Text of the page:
Smugness is not attractive so like everyone sensible I try to avoid it. But if I were to be smug about anything it would be about where I live. My small, not terribly convenient flat is in an inner London suburb where, if I were buying now, I would not be able to afford to live. There has been a ripple effect in London where successive waves of buyers talk wistfully about areas that their elders found barely acceptable. Now it has reached the point where first-time buyers, even in well-paid jobs, cannot afford to live in the capital at all unless subsidised by serious rich parents.
Housing starts are at an all time low, much of which is built is ugly and cramped because housebuilders can build anything they like, knowing it will sell. This despite the fact that potential buyers still find it hard to get loans, and even those living in social housing in London are being priced out. There was a touching interview on Radio 4 yesterday with a woman who is working part time and having her benefit cut. She is looking at moving to Birmingham or Glasgow but this would mean giving up her job and becoming even more dependent on the state. In The Guardian yesterday, Steve Rose wrote a feature headlined 'Squatters are not home stealers,' saying that the government has misrepresented their position in order to pass its laws on squatting.
In fact everything the government is doing in regard to housing seems to be driven by either rigid ideology or blind panic. Not enough housing? Let's tear up the Building Regulations. Still not enough housing? Let's allow people to build everywhere and disregard the green belt. House builders are not short of sites, and are not prevented from building by Building Regulations. Instead the situation is far more complex, tied up with the market and, it is true, by planning problems in dense areas.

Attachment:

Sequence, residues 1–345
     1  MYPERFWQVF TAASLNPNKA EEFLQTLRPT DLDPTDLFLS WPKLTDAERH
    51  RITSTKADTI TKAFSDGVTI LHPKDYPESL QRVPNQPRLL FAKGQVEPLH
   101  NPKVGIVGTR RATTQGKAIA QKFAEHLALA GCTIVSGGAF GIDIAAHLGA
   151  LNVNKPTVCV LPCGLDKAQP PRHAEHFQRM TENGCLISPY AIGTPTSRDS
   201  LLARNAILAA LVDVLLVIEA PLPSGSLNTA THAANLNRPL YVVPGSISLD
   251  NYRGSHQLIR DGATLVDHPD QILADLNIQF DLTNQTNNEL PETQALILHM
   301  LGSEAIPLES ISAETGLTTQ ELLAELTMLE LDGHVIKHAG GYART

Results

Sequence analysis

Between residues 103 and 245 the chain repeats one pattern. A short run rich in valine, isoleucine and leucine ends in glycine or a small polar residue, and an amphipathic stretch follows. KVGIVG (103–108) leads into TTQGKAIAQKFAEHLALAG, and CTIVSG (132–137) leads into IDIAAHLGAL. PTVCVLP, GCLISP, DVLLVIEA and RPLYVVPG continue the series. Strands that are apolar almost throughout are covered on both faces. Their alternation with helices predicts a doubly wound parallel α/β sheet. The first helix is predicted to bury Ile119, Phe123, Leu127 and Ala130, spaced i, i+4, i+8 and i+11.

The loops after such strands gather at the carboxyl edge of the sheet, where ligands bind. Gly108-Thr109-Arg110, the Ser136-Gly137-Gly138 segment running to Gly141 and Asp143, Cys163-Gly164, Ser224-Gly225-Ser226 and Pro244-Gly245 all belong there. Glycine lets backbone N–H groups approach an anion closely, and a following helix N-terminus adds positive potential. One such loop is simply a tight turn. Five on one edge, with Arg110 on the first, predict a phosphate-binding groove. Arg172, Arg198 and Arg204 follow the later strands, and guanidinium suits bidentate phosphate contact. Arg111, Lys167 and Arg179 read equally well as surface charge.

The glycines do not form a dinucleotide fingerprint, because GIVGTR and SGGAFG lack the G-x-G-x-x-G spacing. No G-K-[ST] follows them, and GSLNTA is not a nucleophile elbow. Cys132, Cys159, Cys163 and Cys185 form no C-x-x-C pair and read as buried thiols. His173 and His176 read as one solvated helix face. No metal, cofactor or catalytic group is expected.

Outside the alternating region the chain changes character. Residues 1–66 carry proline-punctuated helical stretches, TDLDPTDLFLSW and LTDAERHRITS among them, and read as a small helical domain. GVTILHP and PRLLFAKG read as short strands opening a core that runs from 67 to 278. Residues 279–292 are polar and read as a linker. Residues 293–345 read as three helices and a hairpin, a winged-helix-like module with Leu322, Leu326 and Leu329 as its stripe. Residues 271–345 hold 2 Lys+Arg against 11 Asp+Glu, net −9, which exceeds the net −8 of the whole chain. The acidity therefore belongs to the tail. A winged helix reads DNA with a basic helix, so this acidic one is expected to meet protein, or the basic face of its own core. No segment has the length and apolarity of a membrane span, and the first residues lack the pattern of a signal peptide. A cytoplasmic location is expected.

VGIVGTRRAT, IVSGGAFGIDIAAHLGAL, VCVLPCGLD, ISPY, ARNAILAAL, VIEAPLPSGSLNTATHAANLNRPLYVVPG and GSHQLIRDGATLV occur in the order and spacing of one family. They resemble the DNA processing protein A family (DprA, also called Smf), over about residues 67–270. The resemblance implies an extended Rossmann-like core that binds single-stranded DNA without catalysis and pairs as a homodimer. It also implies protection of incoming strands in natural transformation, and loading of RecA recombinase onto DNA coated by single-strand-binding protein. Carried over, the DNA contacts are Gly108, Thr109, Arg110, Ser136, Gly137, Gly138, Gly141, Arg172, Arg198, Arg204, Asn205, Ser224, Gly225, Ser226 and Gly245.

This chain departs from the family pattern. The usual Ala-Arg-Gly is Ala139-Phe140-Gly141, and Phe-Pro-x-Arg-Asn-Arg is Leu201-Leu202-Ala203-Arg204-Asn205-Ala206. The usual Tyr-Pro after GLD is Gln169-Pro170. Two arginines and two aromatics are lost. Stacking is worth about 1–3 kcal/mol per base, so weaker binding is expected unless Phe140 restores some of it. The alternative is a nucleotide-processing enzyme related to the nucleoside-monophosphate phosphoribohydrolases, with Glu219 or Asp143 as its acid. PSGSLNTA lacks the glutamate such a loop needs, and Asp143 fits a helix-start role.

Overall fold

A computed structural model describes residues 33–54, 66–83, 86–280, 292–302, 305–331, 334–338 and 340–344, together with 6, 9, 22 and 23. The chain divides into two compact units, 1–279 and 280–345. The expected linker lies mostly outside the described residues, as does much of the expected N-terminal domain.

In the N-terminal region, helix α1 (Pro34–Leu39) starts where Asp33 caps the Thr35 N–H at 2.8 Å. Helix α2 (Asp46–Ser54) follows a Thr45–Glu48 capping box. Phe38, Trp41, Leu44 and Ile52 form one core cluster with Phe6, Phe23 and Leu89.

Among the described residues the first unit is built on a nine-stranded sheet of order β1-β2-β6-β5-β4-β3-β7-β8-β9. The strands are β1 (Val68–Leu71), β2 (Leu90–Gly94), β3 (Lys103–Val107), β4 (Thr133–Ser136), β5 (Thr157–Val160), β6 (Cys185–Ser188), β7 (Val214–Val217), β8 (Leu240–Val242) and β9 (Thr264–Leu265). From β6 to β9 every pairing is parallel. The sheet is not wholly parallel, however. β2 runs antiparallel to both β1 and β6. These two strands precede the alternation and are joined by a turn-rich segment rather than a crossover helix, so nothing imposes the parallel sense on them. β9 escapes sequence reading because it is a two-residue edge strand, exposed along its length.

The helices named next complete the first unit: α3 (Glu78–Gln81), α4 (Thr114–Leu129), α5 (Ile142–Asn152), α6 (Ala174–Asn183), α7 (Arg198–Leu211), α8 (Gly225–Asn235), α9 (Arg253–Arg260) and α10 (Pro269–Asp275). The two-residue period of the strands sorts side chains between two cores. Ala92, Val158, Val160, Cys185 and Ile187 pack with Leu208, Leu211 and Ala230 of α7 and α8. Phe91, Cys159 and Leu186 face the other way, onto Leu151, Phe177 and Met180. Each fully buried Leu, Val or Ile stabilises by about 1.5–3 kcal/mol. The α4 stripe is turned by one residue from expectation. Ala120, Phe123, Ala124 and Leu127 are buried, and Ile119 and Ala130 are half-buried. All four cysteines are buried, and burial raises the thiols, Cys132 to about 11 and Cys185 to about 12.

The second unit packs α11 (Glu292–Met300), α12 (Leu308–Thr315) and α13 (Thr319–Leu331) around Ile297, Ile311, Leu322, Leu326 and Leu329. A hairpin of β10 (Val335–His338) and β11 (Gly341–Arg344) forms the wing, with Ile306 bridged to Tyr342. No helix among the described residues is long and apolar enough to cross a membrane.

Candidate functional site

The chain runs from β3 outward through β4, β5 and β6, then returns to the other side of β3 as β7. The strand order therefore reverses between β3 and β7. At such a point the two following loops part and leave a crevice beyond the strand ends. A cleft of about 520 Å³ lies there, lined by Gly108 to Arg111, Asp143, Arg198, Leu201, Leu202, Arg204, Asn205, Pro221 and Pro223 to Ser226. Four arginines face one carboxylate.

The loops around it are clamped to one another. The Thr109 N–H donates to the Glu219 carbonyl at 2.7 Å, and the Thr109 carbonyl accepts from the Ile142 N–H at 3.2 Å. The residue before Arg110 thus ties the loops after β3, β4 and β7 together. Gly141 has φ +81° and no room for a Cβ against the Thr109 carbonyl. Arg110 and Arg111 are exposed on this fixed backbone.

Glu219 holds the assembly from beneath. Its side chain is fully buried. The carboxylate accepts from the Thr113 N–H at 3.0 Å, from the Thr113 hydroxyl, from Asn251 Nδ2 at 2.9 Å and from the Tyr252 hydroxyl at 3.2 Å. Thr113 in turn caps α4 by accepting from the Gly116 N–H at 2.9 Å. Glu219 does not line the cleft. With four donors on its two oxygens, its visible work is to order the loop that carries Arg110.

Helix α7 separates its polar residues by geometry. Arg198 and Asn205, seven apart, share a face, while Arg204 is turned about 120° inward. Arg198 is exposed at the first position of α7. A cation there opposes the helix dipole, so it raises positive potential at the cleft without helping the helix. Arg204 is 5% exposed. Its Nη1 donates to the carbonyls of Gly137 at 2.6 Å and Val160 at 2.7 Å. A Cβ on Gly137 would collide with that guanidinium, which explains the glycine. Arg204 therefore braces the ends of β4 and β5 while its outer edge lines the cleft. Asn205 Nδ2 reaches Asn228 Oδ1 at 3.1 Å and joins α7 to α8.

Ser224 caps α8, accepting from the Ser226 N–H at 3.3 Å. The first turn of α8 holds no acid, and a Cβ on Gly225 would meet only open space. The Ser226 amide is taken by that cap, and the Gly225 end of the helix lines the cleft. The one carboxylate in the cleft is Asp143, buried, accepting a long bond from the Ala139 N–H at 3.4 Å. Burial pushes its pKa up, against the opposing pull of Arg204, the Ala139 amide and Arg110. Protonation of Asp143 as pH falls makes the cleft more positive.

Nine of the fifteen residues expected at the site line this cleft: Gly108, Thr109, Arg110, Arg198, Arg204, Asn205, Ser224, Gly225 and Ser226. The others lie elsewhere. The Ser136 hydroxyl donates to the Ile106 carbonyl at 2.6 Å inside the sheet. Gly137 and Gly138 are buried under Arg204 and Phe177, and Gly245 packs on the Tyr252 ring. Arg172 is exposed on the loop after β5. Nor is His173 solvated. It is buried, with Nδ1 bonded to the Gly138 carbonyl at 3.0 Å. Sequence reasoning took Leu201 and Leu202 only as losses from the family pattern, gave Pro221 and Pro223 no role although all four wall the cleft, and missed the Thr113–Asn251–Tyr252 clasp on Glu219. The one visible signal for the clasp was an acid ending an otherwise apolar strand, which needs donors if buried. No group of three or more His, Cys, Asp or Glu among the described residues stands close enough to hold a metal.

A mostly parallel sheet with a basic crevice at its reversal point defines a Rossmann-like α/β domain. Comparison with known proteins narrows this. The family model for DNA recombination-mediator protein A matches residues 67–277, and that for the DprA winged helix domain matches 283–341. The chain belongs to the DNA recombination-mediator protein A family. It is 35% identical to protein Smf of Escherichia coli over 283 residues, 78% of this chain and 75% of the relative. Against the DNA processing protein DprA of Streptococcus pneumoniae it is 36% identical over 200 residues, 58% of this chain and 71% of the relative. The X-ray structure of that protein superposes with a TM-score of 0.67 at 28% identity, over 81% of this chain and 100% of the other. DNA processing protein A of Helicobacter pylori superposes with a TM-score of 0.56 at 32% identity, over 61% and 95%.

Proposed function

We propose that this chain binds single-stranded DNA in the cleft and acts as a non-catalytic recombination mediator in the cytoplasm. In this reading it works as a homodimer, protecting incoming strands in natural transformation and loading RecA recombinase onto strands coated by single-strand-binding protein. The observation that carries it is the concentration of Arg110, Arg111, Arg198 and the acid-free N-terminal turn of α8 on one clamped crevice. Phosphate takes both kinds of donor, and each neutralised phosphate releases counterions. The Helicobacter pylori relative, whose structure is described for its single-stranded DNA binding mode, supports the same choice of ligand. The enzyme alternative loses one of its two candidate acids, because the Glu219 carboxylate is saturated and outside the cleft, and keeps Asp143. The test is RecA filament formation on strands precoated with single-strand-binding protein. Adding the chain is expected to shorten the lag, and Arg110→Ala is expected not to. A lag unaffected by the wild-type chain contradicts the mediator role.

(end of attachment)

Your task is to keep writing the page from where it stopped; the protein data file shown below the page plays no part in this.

In this dense tangle, what can architects do? According to The Architects' Journal, quite a lot. One of the comments on the launch of its More Homes, Better Homes campaign says that what we need are not more homes but fewer people and a redistribution of employment across the country. Maybe, but that is a big ask. In the meantime what we need are homes built now (or converted from existing buildings) in places where people want to live and, crucially, homes that people want to live in now and in the future. This means decent space standards for activities we can't yet contemplate, higher ceilings to retrofit fans that can cope with climate change, and the creation not just of reasonable individual homes but of proper functional neighbourhoods. It is a big ask, but the special intelligence of architects should help unravel it. The AJ is planning to publish a manifesto. It should be fascinating and, one hopes, influential.